Daiwa EuroTelcoblog No. 27, Friday 5th March, 2004 - Vonage goes to the mall/Darknets + voice = ?/ICQ goes social (original email blast 2:29 PM Friday, 5th March, 2004)
A few additional data points and developments to close out the week:
Vonage goes to the mall
Vonage has today formally announced the conclusion of a marketing deal with US electronics retailing giant Circuit City, which will carry Vonage products in all 600 of its superstore locations, as well as online via www.circuitcity.com. This is a significantly larger deal than either of Vonage's previous arrangements with Radio Shack and Best Buy, and we think it really takes Vonage into the mainstream of American retailing. We have previously maintained that landing US deals of significant size, such as this one, would probably serve the company well as it prepares for an imminent European launch. We can only speculate as to what sort of retail partnerships might be in the pipeline related to the UK launch, but given that BT's own "Broadband Voice" product is available only online, we think a high-street presence would be a significant competitive advantage.
Darknets + voice = ?
Back in our sector report of 30th January, we spent some time pondering the potential impacts on traditional voice of "darknets", i.e., highly-encrypted, self-provisioned P2P communications networks. We discussed packages such as WINW, which aims to provide a compact and straightforward application to allow the creation of precisely such networks. WINW is an ongoing independent project initially inspired by W.A.S.T.E., the abortive P2P package released and immediately withdrawn last year by AOL subsidiary Nullsoft, and is primarily focused on instant messaging, file sharing, and collaboration between a defined group of member users. The W.A.S.T.E. project itself has been taken up by another group of developers (https://sourceforge.net/projects/waste/) who launched Version 1.4 alpha 2 release last month. W.A.S.T.E. is similarly focused on IM and file-sharing, and we understand that the level of encryption is a healthy 1024 bits.
Beyond the concept of creating an invitation-only communications network that is effectively invisible to the outside world, the thing that interests us about both of these developments, is that neither of the project developers had originally envisaged including a voice component. The last time we checked this was still the case with WINW, though it seems to be an issue of interest longer-term. In the case of W.A.S.T.E., the project coordinator told us this week that such an addition would be quite possible if another developer were interested in getting involved in coding a voice module.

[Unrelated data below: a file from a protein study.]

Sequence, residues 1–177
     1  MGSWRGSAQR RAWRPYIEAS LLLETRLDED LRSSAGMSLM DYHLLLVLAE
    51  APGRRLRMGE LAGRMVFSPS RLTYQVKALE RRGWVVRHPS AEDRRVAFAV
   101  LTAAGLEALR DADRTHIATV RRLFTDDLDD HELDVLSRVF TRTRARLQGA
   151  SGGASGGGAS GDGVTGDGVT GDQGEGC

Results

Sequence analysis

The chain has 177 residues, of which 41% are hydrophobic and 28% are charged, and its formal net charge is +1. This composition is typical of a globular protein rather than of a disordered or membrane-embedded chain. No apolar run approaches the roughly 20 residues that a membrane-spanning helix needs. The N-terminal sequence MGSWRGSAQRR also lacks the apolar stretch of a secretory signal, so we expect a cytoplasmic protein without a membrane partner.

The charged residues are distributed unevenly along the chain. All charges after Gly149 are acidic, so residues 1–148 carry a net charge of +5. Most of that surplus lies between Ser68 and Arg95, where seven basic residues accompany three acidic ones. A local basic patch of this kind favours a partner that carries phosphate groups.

We might be going out on a limb here, but if things progress in the manner which we suspect they will, then we have to entertain the idea that at some future date the telcos may confront not just VOIP as a commercial/competitive phenomenon, but also a plethora of self-provisioned mini-Skypes (we think each W.A.S.T.E. user group could accomodate around 50 users). However, unlike the rather more obvious agendas of commercial VOIP competitors, these mini-Skypes would have no revenue model and no agenda other than providing secure, private and reliable communication between friends, for free.
ICQ goes social
One other bit of harmless speculation we raised in our January report was that social networking groups could be modified to include other forms of interaction/communication, and that this might pose some hard issues for telcos longer term, if it channeled users' time and voice communication patterns away from the PSTN/mobile or other content which they were seeking to promote. This week brought the interesting revelation that instant messaging platform ICQ is taking the concept on board, but in reverse. ICQ has launched ICQ Universe (http://universe.icq.com/universe/welcome/1,,,00.html) which employs the degrees-of-separation principle in an IM environment, and employs standard social-networking features such as photos, character descriptions and testimonials.